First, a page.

WASHINGTON — The largest digital advertising group said it opposes a default “do not track” setting on Microsoft’s new browser.
Last February, the Digital Advertising Alliance got praise from the Federal Trade Commission and the Obama administration for agreeing to a browserbased do-not-track option that would allow Web users to opt out of behavioral advertising and would be respected across those participating in DAA’s selfregulatory program, which DAA pegged at about 90% of its members.
But that was an opt-in program. Microsoft is making “do not track” the default setting in its forthcoming Explorer 10 browser. DAA has been nervous about that prospect since it was announced in early June and last week, as the browser launch neared, put its collective foot down.
“Allowing browser manufacturers to determine the kinds of information users receive could negatively impact the vast consumer benefits and Internet experiences delivered by DAA participants and millions of other websites that consumers value,” the DAA said.
Two of the most active House members on the privacy front said that is simply a defense of putting profits ahead of privacy.
Reacting to DAA’s line in the digital sand, Privacy Caucus co-chairs Ed Markey (D-Mass.) and Joe Barton (R-Texas) said if consumers want to be tracked, they should have to affirmatively agree to it, something the two congressmen have been pushing for in a bill targeted at protecting children’s online information.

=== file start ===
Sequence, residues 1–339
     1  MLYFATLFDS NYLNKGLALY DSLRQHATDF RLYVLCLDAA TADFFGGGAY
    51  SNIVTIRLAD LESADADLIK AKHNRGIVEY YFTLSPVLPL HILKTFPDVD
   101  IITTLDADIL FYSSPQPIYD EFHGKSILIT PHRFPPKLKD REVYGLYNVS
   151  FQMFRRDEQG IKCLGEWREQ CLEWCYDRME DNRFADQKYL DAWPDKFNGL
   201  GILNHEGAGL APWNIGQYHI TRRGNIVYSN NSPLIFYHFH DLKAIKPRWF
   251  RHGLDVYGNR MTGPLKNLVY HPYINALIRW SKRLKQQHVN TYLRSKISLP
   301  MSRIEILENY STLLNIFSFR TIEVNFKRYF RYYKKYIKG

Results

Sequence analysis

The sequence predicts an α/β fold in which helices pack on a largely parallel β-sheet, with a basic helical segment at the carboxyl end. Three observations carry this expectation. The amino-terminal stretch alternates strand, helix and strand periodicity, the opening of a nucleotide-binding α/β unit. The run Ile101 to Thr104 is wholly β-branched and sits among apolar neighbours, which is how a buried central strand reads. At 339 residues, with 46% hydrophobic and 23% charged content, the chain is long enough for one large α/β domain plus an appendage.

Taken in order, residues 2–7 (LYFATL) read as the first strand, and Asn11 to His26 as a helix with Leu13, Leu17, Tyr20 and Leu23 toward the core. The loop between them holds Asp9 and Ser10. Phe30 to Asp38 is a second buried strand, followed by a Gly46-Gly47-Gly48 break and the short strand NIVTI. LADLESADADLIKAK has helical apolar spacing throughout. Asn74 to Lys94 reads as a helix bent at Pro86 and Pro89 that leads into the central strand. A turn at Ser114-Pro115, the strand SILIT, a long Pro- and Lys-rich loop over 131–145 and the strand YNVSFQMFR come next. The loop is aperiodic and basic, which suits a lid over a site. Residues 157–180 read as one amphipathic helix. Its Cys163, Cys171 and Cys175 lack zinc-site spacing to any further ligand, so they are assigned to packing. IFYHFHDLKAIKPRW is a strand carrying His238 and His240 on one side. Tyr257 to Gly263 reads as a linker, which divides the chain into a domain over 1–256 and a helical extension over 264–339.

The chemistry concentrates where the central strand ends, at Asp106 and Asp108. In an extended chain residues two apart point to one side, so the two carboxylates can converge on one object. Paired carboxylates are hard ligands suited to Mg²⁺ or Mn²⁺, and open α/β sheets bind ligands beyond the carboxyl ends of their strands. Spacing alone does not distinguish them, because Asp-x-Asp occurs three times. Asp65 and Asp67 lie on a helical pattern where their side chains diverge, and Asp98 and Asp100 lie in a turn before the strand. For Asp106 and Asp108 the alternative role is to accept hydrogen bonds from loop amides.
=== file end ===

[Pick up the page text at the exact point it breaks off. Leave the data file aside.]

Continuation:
Reps. Markey and Barton gave advertisers some credit for their voluntary guidelines, but said those were not enough and legislation would be needed to establish stronger privacy laws. Elsewhere on the privacy front:
• Sen. Jay Rockefeller (D-W. Va.), the chairman of the powerful Senate Commerce Committee, has sent letters to Reed-Elsevier (Lexis-Nexis), Spokeo, Experian and a half dozen other data brokers seeking detailed info on how they compile and sell consumer information. “Collecting, storing and selling information about Americans raises all types of questions that require careful scrutiny,” Rockefeller said. “While these practices may offer some benefits to consumers, they deserve to know what’s being collected about them and how companies profit from their information.” Rockefeller wants answers by Nov. 2.
• A coalition of groups last week warned the Federal Communications Commission to be careful how it collects and/or shares consumer online information as part of its consumer broadband-speed tests. In a letter to FCC chairman Julius Genachowski, the Competitive Enterprise Institute, TechFreedom, Center for Media and Democracy, and more than a half-dozen others said they were concerned consumers were turning over information to the government that could be used to “review” their Internet activity “without due process or judicial scrutiny.” The groups are worried the test gives the FCC too much access to personal information without enough checks and balances. The FCC did not have a comment at press time.
• The National Telecommunications and Information Administration has scheduled the next mobile app stakeholder meeting for Oct. 16 in Washington, D.C. The NTIA is trying to come up with guidelines for mobile app privacy as part of the Obama administration’s privacy Bill of Rights.
• A decision is expected almost any day on whether the FTC will pursue an antitrust suit against Google for dominance in search and online advertising.
A key adverstising trade group is opposing Microsoft’s decision to make “do not track” a browser default setting.